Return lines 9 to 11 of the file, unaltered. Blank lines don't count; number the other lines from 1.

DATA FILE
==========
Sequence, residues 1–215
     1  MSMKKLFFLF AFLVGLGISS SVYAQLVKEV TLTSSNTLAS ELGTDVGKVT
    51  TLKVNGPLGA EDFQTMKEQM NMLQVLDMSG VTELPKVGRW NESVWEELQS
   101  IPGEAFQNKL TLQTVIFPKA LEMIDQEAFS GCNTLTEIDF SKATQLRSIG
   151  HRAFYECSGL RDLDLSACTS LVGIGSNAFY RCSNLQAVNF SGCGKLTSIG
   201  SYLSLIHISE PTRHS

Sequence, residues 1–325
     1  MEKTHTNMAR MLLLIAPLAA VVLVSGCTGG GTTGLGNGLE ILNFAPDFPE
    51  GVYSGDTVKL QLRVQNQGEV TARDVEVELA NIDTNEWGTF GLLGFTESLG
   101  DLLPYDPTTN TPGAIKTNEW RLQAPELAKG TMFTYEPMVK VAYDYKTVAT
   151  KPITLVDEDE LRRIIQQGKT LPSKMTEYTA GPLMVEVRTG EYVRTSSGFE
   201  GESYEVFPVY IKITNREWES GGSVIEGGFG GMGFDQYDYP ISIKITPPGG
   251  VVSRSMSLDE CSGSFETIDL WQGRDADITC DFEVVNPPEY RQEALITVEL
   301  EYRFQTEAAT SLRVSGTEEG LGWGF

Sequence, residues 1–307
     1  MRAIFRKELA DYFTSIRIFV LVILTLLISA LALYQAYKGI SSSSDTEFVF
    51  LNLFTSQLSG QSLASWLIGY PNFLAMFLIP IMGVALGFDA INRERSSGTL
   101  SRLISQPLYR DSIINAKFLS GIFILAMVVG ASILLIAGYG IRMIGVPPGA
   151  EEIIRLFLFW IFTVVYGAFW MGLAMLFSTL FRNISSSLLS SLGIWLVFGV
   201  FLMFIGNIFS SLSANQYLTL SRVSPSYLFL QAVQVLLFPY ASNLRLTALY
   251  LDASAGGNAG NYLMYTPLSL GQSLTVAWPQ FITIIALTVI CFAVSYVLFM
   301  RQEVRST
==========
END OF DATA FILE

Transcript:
    51  GVYSGDTVKL QLRVQNQGEV TARDVEVELA NIDTNEWGTF GLLGFTESLG
   101  DLLPYDPTTN TPGAIKTNEW RLQAPELAKG TMFTYEPMVK VAYDYKTVAT
   151  KPITLVDEDE LRRIIQQGKT LPSKMTEYTA GPLMVEVRTG EYVRTSSGFE